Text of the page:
Publication Type
Article
Date
Sep-2009
Author
Jean Addington
Donald Addington
Author Affiliation
Department of Psychiatry, Alberta Centennial Mental Health Research Chair, Calgary, Alberta. jmadding@ucalgary.ca
Source
Can J Psychiatry. 2009 Sep;54(9):626-30
Date
Sep-2009
Language
English
Publication Type
Article
Keywords
Adolescent
Adult
Alberta
Case Management
Combined Modality Therapy
Community Mental Health Services
Comorbidity
Comprehensive Health Care
Continuity of Patient Care
Depressive Disorder - diagnosis - psychology - rehabilitation
Early Diagnosis
Family Practice
Female
Follow-Up Studies
Humans
Male
Outcome and Process Assessment (Health Care)
Psychiatric Status Rating Scales
Psychotic Disorders - diagnosis - psychology - rehabilitation
Referral and Consultation
Schizophrenia - diagnosis - rehabilitation
Schizophrenic Psychology
Social Adjustment
Substance-Related Disorders - diagnosis - psychology - rehabilitation
Young Adult
Abstract
Studies defining the course and outcome of people experiencing their first episode psychosis (FEP) generally report an improvement in symptoms and functioning. Little is known about the follow-up arrangements offered to patients when their time in a FEP comes to an end.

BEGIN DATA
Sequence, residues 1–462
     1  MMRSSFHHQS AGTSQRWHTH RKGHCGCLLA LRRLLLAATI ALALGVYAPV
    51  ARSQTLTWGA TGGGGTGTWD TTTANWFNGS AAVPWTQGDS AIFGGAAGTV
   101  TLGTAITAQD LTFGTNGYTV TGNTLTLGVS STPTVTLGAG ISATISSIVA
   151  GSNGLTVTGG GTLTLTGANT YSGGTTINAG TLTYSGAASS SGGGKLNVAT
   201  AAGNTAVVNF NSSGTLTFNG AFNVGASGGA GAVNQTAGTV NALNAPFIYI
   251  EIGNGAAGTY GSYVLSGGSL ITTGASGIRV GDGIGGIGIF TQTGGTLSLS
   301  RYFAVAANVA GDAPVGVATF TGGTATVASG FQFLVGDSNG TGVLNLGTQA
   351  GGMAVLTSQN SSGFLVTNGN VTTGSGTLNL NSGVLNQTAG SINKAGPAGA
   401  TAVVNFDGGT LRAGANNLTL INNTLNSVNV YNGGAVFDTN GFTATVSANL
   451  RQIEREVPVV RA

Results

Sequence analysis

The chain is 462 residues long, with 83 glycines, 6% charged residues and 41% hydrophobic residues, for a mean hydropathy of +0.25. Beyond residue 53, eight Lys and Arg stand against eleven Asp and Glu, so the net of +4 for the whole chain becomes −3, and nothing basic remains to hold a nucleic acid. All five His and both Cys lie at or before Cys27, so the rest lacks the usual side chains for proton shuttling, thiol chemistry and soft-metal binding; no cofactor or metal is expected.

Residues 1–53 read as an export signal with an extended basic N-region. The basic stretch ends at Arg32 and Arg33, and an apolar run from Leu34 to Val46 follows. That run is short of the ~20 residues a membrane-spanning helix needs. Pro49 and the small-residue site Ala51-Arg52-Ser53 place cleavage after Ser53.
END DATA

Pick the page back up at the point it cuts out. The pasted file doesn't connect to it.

Our study focuses on a sample of FEP patients (n = 292) who were followed for up to 3 years in a multi-element specialized FEP service.
Improvement in positive symptoms and social functioning, but not negative symptoms, was observed in this sample both for people who completed 3 years in the program and for those who left early. About 40% were referred to specialized mental health services, whereas 24% were followed by their family physician. Patients who were followed by family physicians had decreased symptoms and improved functioning.
Most patients treated in an early psychosis program will need follow-up, the largest group will require specialized mental health services in the community, but a significant group can be followed by family physicians.
PubMed ID
19751551 View in PubMed
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9 records – page 1 of 1.